Teaching That Pacifism Is God’s Word
June 2, 2015
Two days after writing against Memorial Day, Israeliteindeed wrote another strange post, this time beginning with a photo of two men each holding up a gun and a Bible. Though posing in such a way is certainly bad taste, I suppose such a photo could be an attempt to state that God’s Word does not condemn using guns if they are used to protect justice, liberty, and the lives of innocent people in jeopardy. It could even be an attempt to state that God’s Word actually commands that force, including weaponry, be used to combat evil.
As distasteful as the photo is, it is also distasteful that Israeliteindeed would make use of the photo in her argument for pacifism. By doing so, she is likening those who do not believe as she does with those who appear to be insensitive extremists. Furthermore, in informing us that “this picture is making the rounds in social media”, she reveals that she is much more entrenched in the world’s culture than she claims. By reading volumes of opinions, most of which are undoubtably void of the Spirit, she is taking precious time away from the reading of God’s Word and of attending to that which God called her to do –to preach the Gospel of holiness, power, and Spirit-filled living.
As I have said, Israeliteindeed, whose messages used to be full of Truth, are now continually full of error. Instead of sticking to the preaching of the Word, she has fallen into that practice which many bloggers often fall: Using the Word of God but twisting it in order to promote their own doctrine, agenda, or political viewpoint, even racism; and particularly of late, racism against Jews.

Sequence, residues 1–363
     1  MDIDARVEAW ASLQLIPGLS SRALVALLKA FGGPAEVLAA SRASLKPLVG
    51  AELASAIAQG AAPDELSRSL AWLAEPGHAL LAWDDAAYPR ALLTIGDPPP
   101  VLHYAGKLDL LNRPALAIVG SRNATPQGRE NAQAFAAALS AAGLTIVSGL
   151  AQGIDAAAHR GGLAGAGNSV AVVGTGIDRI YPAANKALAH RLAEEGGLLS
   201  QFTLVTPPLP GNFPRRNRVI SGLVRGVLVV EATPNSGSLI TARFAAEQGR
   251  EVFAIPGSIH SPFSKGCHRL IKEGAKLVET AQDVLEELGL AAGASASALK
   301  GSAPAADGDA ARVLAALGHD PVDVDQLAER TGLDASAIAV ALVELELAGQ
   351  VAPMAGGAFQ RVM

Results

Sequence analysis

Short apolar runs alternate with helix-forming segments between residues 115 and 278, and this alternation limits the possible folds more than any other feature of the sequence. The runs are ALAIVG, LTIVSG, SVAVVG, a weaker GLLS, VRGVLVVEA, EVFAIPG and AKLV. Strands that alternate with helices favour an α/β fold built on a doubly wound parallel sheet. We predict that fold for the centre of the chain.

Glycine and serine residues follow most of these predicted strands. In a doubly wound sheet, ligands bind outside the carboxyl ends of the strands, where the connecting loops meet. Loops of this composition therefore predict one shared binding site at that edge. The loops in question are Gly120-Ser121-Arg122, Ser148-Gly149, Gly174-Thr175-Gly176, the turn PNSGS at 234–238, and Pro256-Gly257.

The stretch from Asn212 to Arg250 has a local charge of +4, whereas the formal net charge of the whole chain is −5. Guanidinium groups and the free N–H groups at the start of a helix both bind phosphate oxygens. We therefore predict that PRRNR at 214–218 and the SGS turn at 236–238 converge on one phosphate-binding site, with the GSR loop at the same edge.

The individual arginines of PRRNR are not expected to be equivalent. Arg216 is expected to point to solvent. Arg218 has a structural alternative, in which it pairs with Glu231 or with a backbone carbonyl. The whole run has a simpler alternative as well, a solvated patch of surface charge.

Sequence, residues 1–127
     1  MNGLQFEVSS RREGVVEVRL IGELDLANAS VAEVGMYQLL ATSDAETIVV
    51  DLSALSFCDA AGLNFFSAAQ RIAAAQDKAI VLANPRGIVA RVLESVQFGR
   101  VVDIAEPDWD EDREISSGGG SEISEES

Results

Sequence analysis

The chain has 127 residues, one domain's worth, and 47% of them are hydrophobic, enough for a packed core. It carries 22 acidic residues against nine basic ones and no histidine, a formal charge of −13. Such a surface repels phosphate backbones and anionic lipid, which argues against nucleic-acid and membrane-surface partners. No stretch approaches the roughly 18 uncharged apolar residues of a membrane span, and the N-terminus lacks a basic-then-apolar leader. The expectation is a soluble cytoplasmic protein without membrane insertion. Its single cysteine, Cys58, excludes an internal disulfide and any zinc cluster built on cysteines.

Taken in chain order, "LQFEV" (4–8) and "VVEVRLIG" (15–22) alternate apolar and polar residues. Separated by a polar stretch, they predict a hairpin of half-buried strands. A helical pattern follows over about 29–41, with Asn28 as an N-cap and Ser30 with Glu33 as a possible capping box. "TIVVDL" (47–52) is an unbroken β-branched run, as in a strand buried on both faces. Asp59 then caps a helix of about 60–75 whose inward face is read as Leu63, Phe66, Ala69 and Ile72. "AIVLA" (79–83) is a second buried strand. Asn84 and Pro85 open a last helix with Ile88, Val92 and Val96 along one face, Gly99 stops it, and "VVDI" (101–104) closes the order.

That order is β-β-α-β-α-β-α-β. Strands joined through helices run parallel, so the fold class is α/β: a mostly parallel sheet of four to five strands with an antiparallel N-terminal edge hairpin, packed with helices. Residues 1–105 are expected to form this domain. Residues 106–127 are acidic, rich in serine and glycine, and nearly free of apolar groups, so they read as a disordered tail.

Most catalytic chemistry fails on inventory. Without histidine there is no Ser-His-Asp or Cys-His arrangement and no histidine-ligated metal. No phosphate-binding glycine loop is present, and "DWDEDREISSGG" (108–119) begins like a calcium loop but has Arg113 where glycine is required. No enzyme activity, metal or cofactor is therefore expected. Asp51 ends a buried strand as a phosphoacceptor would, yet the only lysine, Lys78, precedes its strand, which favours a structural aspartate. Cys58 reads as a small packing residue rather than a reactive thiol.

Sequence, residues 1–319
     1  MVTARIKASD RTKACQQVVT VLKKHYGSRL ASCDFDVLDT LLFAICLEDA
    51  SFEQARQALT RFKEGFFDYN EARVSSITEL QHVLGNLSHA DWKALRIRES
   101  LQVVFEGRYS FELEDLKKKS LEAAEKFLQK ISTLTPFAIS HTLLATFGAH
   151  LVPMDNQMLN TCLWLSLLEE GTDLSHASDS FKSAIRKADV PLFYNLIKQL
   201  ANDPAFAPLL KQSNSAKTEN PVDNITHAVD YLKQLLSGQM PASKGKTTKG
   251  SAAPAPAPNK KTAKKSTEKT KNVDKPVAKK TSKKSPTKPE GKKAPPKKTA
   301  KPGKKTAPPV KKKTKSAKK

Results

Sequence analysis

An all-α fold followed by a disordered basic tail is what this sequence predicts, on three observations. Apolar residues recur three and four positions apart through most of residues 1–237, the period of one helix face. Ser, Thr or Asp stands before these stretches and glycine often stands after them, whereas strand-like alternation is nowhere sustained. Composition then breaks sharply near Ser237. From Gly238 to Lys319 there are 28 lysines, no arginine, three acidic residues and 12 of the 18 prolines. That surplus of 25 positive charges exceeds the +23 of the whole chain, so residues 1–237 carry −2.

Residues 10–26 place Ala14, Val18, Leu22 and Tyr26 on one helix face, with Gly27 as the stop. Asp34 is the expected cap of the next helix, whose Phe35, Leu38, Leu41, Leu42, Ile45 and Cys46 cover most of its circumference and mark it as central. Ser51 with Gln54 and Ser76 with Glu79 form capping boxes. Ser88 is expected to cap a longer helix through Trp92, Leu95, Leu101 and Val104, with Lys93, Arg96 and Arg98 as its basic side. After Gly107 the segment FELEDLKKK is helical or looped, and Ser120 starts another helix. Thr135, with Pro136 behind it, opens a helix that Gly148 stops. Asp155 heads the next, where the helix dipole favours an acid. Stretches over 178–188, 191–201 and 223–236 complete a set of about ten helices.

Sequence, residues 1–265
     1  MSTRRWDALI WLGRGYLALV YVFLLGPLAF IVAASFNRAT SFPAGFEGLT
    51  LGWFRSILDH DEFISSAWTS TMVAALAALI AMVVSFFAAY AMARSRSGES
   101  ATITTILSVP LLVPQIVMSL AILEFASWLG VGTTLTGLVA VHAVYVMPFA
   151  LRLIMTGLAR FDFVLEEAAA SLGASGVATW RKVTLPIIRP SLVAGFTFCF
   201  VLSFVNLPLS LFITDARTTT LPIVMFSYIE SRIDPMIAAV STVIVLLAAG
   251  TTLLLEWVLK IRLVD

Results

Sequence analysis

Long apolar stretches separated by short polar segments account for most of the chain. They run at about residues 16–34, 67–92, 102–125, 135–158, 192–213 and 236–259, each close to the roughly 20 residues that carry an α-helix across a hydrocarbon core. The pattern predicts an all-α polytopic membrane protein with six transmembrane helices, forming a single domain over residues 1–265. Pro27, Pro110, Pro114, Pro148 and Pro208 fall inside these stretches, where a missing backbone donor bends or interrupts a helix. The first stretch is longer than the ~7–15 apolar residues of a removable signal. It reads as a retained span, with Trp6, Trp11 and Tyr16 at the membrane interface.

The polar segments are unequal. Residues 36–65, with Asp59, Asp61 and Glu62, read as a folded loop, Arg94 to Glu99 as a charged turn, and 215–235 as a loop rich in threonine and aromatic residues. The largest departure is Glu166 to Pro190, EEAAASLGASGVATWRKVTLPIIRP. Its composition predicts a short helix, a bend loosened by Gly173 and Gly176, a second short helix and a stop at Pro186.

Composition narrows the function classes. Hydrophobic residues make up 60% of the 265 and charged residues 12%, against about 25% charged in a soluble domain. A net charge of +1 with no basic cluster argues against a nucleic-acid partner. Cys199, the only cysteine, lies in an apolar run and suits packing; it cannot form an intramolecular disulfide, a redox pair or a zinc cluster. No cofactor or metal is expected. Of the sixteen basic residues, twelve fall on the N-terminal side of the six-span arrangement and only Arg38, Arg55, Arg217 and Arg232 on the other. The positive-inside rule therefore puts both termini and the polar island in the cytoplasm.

I do not claim to know which came first –Israeliteindeed’s replacement theology (her belief that God retracted the covenantal promises He gave the Israelites and handed them instead to His Church), or her belief in pacifism. But whichever the case, both of these intertwined beliefs of hers are not supported by Scripture.
I have pointed out the errors of Israeliteindeed’s replacement theology many times over the last year, so I will focus now on her error of pacifism:
Israeliteindeed speaks about imitating the apostle Paul. Yet let’s look at his words in 2 Tim. 2:3 where he tells us to endure hardship “like a good soldier of Christ Jesus.” Why would Paul, if he was a pacifist, liken our service to Christ with that of a military servant? Paul goes on in verse 4: “No one serving as a soldier gets involved in civilian affairs –he wants to please his commanding officer.” Is there any mention of how (supposedly) evil it is to serve as an armed soldier? No, instead Paul insinuates that it is an honorable profession. In Eph. 6:10-17 where he compares our spiritual armory with that used in physical battle, there is no hint there either of any condemnation of it.
Let’s look at the passage where John the Baptist warns that those who do not repent “will be cut down and thrown into the fire.” (Luke 3:9) Different groups within the crowd, including some soldiers (v. 14), asked John what they should then do. (v. 10-14) What was John’s response to the soldiers? Did he say, “Oh, you soldiers are partakers of an ungodly, violent vocation and you must immediately quit. In fact, if you kill anyone, you are murderers and antichrist.” –? No, rather John told them, “Don’t extort money and don’t accuse people falsely –be content with your pay.” (v. 14) It is very clear that John was advising them to be content and act justly, and that they could remain being soldiers.
What about what Jesus taught? When He taught us, as individuals, to “not resist an evil person” (Mt. 5:39), which, by the way, we should compare with His command to refrain from throwing our pearls before swine (7:6), did our Lord say, “Do not resist a nation or group which comes against another nation or group with selfish, unjust intent”? Did Jesus ever deny that a country has a right and a responsibility to protect its citizens or request an ally nation to help do so? Did Jesus ever teach that a king does not have the right to order his servants to protect his kingdom? No, instead many of Jesus’ words teach the opposite. In fact, if we read Luke 22:36, we can see that there are times when Christ will directly order even individuals to carry a weapon.